Key Legislative Bills

The leading voice for business in Michigan

Powerful advocacy means having the most successful team in place to tackle tough issues impacting business small and large across the state.

The Michigan Chamber is the unified voice of approximately 5,000 member employers, trade associations and local chambers of commerce of every size and type in all 83 counties of the state.

Our five, full-time registered lobbyists advocate for pro-business policies and against anti-business ones, to promote a forward-moving economy.  They are in the trenches every day, fighting on behalf of your interests in Lansing, while you focus on your business.  The Michigan Chamber supports free enterprise policies that promote entrepreneurship and business success in our State.

Whatever the issue, the Michigan Chamber is working for you to get the job done.

Key Bills

With the direction from the Board of Directors and input from Chamber members serving on policy committees, a legislative agenda is set to strengthen Michigan’s business climate.

Filter by Job Killing Bills

Oppose
Unconstitutional Expansion of Gaming

SB 396, SB 397, SB 398 and SB 399 will allow an unconstitutional expansion of casino gaming that disregards the established precedent set around a highly regulated and highly taxed industry. When Government regulates an industry to such a degree, specific and often difficult hurdles stand in the way of changing how these industries operate. Unless total deregulation of highly regulated industries occurs, all businesses must play by the established rules.

Support
Aggregate Mining Permit Reform

SB 429, SB 430 and SB 431 promote aggregate mining and reinforce private property rights in Michigan.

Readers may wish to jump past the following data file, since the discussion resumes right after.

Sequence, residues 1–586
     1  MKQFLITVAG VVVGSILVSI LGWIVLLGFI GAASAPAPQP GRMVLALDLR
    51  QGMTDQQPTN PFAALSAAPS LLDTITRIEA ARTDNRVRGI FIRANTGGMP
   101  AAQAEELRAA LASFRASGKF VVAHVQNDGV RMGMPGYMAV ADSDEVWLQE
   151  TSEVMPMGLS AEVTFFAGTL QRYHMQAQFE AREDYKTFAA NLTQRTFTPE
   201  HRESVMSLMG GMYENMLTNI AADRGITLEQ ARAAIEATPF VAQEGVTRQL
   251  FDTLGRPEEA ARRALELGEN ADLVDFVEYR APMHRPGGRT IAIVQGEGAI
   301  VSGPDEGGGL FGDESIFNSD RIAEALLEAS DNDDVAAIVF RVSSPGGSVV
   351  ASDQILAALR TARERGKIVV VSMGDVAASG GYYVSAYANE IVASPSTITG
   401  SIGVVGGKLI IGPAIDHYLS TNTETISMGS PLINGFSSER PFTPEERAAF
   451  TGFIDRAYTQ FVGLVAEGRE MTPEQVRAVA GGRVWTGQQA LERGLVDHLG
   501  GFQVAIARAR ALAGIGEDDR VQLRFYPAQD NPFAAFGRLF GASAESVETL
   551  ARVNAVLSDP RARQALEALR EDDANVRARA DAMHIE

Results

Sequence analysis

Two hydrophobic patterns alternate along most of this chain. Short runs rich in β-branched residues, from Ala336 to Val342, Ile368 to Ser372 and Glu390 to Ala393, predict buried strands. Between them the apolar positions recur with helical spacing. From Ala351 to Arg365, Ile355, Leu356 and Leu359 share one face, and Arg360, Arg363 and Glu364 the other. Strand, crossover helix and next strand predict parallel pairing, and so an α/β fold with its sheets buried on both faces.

In response to activist local governments continuing to deny mining permits for baseless reasons, the Michigan Chamber and other business groups have worked with labor unions on this package that removes aggregate mining permit authority from local governments and place it in the hands of the state’s environmental protection agency, the Department of Environment, Great Lakes and Energy (EGLE).

Support
Partnership Audit Reform

SB 248  will allow for a streamlined, predictable method for reporting changes in federal tax liability to state tax authorities where one does not currently exist.  This promotes tax compliance and efficiency.

The legislation is a part of a national effort to codify the Multistate Tax Commission’s (MTC) model statute (Model Uniform Statute and Regulation for Reporting Adjustments to Federal Taxable Income and Federal Partnership Audit Adjustments) in response to the federal centralized partnership audit regime enacted by Congress in 2015.

Oppose
Allow seasonal employees to collect unemployment insurance (UI) benefits during their off-season (currently disqualified)

HB 4339, SB 173 – Allow seasonal employees to collect unemployment insurance (UI) benefits during their off-season (currently disqualified).

Oppose
Allow Independent Contractors to Collect Unemployment

HB 4338, SB 172 – Allow Independent Contractors to Collect Unemployment.  This legislation would allow independent contractors to be eligible to collect state unemployment benefits during a state-declared emergency and replaces the IRS 20 Factor Test to an ABC test for determining if a worker is an independent contractor.

Oppose
Increase the Number of Individuals Eligible for Unemployment Benefits

HB 4337, SB 171 – Increase the Number of Individuals Eligible for Unemployment Benefits.  Drops the high quarter earnings eligibility requirement from $4,744 to $1,235.  Today, to be eligible for benefits you must, among other things, either have wages in at least two quarters in the base period totaling the amount set in statute.  This bill would have the net effect of allowing more claimants, particularly those with little or an unstable attachment to the job market, to collect UI benefits.

Oppose
Increase Unemployment Benefit Payout

HB 4334, SB 170 – Increase Unemployment Benefit Payout. This legislation would increase unemployment insurance (UI) benefit duration from a maximum of 20 weeks to 26 weeks, increases the dependent allowance from $6 per child to $20 per child and increases the number of acceptable dependents from fix to six under the unemployment insurance (UI) program.  The dependent allowance gives claimants an extra amount in their UI benefit checks based on the number of dependents they claim.

Oppose
Increase Unemployment Benefit Amount #

HB 4335, SB 169 – Increase Unemployment Benefit Amount. This legislation would increase unemployment insurance (UI) benefits from a maximum of $362 per week to $593 and to 58% of the state average weekly wage at the start of January 2022.

Oppose